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24 October 2016 0 Comments
Posted in Opinion, Property Disputes, Real Estate

Considering commercial property? Here’s what you need to know about new or refurbished retail units

Author headshot image Posted by , Senior Associate

The benefit of a new or sub-divided unit on a retail park is that it can be built or refurbished to meet your requirements. Compare this with an existing unit where you have to take it as is. While new or refurbished units have their advantages, there are a number of things to consider:

1. Collateral warranties

The tenant obligations in most institutional leases mean that you could find yourself having to sort out defects in the landlord’s premises due to poor workmanship or design. When you sign the lease, you should make sure that the landlord provides you with adequate collateral warranties or rights of action from their professional team, so that you can look to them to repair any defects.

2. Size tolerances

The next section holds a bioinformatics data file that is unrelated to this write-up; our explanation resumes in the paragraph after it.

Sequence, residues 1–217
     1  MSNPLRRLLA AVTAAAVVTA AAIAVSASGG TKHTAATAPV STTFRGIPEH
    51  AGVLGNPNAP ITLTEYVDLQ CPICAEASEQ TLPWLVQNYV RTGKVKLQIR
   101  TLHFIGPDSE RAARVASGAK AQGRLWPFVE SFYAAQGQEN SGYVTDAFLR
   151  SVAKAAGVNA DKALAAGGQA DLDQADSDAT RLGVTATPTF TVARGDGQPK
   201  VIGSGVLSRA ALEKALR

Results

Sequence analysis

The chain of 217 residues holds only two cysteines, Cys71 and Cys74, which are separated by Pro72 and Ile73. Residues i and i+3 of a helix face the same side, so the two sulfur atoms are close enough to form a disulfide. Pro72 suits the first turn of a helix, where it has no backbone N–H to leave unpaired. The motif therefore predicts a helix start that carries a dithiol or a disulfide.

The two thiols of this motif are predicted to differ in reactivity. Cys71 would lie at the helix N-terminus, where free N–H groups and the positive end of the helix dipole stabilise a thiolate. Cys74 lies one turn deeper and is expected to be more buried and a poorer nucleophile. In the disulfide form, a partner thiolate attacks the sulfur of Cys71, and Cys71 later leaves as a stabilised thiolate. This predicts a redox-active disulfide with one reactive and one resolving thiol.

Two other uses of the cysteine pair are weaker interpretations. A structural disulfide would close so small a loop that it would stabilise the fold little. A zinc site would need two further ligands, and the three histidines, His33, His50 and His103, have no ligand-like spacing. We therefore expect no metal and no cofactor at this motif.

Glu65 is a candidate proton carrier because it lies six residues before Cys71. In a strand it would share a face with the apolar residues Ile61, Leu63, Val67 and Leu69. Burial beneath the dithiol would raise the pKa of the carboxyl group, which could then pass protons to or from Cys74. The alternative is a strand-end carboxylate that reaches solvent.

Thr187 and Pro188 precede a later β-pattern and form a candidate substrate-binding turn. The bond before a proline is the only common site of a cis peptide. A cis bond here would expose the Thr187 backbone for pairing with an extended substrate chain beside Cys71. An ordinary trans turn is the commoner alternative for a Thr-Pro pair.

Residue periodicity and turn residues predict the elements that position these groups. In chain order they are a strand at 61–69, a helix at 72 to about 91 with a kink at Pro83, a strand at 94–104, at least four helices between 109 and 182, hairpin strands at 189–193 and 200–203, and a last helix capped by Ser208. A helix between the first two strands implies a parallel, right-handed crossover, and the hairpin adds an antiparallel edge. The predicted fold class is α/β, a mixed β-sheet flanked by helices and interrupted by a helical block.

If it is important that a new or sub-divided unit falls within certain size tolerances, these should be stated in the landlord’s specification. If the size of the unit, as built, falls outside the agreed tolerances, make sure that you have the ability to walk away if that makes it unsuitable.

3. Completion date

The landlord’s building programme could be thrown off course by unforeseen problems. You do not want to be waiting around indefinitely so make sure that there is a long stop date by which, if the landlord has not been able to complete this work, you have the right to walk away.

4. Planning permission

The landlord may have to obtain planning permission for the proposed building works, which might be granted subject to conditions over which you have no control. You need to have the right to walk away if the planning permission contains conditions that might restrict your use of the unit (e.g. restrictions on hours of usage) or that would otherwise make it unviable.

5. Registration

Sometimes, tenants agree to carry out some of the work for the landlord, e.g. an amenity block. If the landlord pays you to carry out any such work, you may need to be registered with the construction industry scheme to receive payment from them.

6. Trading period

There are peak trading periods in every year for most retail businesses. You should consider a Santa clause so that you can complete the lease between agreed dates, allowing you time to fit out or take advantage of a peak trading period.

There may also be other types of property that might be appropriate for your business. For more information get in touch with our team.

For expert advice on commerical property, contact our team on

0800 923 2070     Email usproperty.enquiries@roydswithyking.com

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